EcoUniv Weekend Reads: Nov 2020

EcoUniv Weekend Reads #38

 1 November 2020

Research – Evolution – Large Birds: Very large (wingspan 6 m+), boney-toothed birds once roamed the oceans, including Antarctica. The largest specimen so far, dating 50 mya, has been documented.

 

Article: https://edition.cnn.com/2020/10/28/world/antarctica-fossils-largest-bird-intl-hnk-scli-scn/index.html

 

Paper: https://www.nature.com/articles/s41598-020-75248-6

 

Research – Evolution – Whales: Palaeontological missions in the Indian subcontinent show that predecessors of whales were mammals on land, who made a transition to sea.

 

https://science.thewire.in/the-sciences/whale-evolution-india-pakistan-fossils-indohyus-pakicetus-remingtonocetus-basilosaurus/

 

Ants and Sapiens: Both these species have evolved to domesticate certain foods. What are the similarities and differences?

https://phys.org/news/2020-10-darwinian-diet.html

 

Environmental Education: We resume the “Understanding the Learner” series and this week we focus on eight-year olds (third grade).

http://ecouniv.in/ecouniv-environmental-education-framework-understanding-the-learner-eight-year-old-third-grade/

 

EcoUniv Weekend Reads #39

8 November 2020

 

Climate Change: Joe Biden’s win in US increases hope that USA will re-join the Paris Climate Accord. This may also trigger positive policy changes in countries like Australia, who are behind the curve.

https://theconversation.com/biden-says-the-us-will-rejoin-the-paris-climate-agreement-in-77-days-then-australia-will-really-feel-the-heat-149533

 

Birds: Brain structure research in birds shows why they are as smart as mammals

https://www.sciencemag.org/news/2020/09/newfound-brain-structure-explains-why-some-birds-are-so-smart-and-maybe-even-self-aware

 

Prehistoric humans: Detective work on 10,000 year-old fossilized human footprints

https://www.nationalgeographic.com/science/2020/10/incredible-details-of-10-000-year-old-trek-revealed-in-fossil-footprints

 

EcoUniv Weekend Reads #40

15 November 2020

 

Wetlands: The world’s largest wetland, Pantanal, straddles Brazil and it’s neighbouring countries. It’s unique habitats rely on flood pulse and support thousands of species. They are now threatened as the ecosystem is suffering from the worst wildfire crisis since records started in 2002.

https://edition.cnn.com/2020/11/13/americas/pantanal-fires-climate-change-intl/index.html

 

Food: 40% of Russia’s food still comes from small family gardens (this was 90% during the days of communism).

https://returntonow.net/2020/02/13/nearly-40-of-russias-food-comes-from-small-family-gardens/

 

Conservation: The path we have walked with leopards over the recent years, and the way forward.

https://openthemagazine.com/feature/how-many-leopards-does-india-have/

 

 

EcoUniv Weekend Reads #41

22 November 2020

This is a “market-friendly environmentalism” special. We bring to your attention some unconventional perspectives.

Environmental Reporting by companies: “Environmental-Social-Governance” reporting by companies is projected by them as an indication of sensitivity to environmental issues. But how accurate is it? And is it possible, that it is just plain bullshit?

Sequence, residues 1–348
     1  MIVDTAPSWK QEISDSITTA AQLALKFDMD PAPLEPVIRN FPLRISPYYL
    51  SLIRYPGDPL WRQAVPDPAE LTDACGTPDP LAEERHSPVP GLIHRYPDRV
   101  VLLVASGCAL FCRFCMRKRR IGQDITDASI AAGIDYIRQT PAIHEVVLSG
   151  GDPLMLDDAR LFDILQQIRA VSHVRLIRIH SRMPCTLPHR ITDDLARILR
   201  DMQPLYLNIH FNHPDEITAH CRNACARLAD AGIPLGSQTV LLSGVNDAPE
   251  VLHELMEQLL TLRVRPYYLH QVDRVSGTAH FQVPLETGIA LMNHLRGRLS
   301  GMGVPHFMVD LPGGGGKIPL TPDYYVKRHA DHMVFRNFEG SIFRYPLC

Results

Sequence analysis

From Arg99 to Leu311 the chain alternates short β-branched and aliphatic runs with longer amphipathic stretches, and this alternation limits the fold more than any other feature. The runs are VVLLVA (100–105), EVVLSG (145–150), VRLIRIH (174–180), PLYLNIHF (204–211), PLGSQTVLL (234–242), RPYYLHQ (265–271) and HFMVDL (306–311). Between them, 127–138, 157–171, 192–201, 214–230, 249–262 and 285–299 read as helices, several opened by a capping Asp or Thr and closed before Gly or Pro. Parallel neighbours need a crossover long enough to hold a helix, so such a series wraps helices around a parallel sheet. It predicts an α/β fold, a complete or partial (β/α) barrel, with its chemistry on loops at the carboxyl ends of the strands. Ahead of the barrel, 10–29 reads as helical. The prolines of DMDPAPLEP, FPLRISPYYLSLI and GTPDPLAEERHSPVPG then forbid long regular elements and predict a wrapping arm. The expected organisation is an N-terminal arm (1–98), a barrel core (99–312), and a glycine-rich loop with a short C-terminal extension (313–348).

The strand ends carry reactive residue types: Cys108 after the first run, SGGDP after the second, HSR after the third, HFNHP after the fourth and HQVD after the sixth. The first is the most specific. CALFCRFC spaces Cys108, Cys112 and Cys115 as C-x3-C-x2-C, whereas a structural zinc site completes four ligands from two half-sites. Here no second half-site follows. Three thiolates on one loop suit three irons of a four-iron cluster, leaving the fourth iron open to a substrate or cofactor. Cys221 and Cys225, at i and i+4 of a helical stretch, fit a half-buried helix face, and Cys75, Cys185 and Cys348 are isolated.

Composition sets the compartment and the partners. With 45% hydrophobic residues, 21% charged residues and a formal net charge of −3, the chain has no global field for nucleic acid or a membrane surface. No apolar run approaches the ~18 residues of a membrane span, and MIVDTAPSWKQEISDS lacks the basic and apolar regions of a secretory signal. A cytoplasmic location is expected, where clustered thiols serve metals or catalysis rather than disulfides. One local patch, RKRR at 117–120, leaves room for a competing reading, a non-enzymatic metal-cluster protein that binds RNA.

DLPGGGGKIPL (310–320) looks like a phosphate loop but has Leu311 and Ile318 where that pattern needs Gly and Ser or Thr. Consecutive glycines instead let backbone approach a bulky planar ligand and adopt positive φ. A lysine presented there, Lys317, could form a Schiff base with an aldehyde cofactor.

Article :  https://economictimes.indiatimes.com/news/international/world-news/view-esg-commitments-are-useful-but-have-they-translated-into-action/articleshow/79329255.cms

Related paper 1: “Reforming global climate governance in an age of bullshit”

https://www.tandfonline.com/doi/abs/10.1080/14747731.2020.1774315?journalCode=rglo20

Related paper 2: Do the Socially Responsible Walk the Talk?

https://papers.ssrn.com/sol3/papers.cfm?abstract_id=3609056

 

Agriculture: Vertical farming is being projected as a solution to environmental problems, because it will need less land. Netherlands’ lead in food production, partly driven by vertical farming was acknowledged in a recent environmental documentary. But a Dutch ecologist points out the fallacies.

https://thecorrespondent.com/781/dear-david-attenborough-beautiful-netflix-documentary-but-your-solutions-destroy-nature-even-more/52432608382-481ff02e

 

Economics: Prof. Mazzucato’s approach to re-inventing capitalism, where the state is an equal player in funding, risk, and reward in problem-solving innovations.

https://www.nytimes.com/2019/11/26/business/mariana-mazzucato.html

 

EcoUniv Weekend Reads #42

29 November 2020

 

Conservation: The distribution of all 20,000 species of bees has been mapped for the first time.

Article:  https://www.bbc.com/news/science-environment-55006902

Paper: https://www.cell.com/current-biology/fulltext/S0960-9822(20)31596-7

 

Leadership: The US may get its first Native American cabinet secretary, for the department of interiors.

https://www.vox.com/21572229/native-american-secretary-interior-biden-cabinet

 

Land: The bottom 50% of landholders globally own only 3% of land, says a report on land inequality.

https://www.downtoearth.org.in/news/agriculture/land-inequality-threatens-livelihood-of-2-5-bln-report-74418

Report: https://www.landcoalition.org/en/uneven-ground/executive-summary/

 

Environmental Education: In the “Understanding the Learner” series, this week we focus on nine-year olds (fourth grade).

http://ecouniv.in/ecouniv-environmental-education-framework-understanding-the-learner-nine-year-old-fourth-grade/

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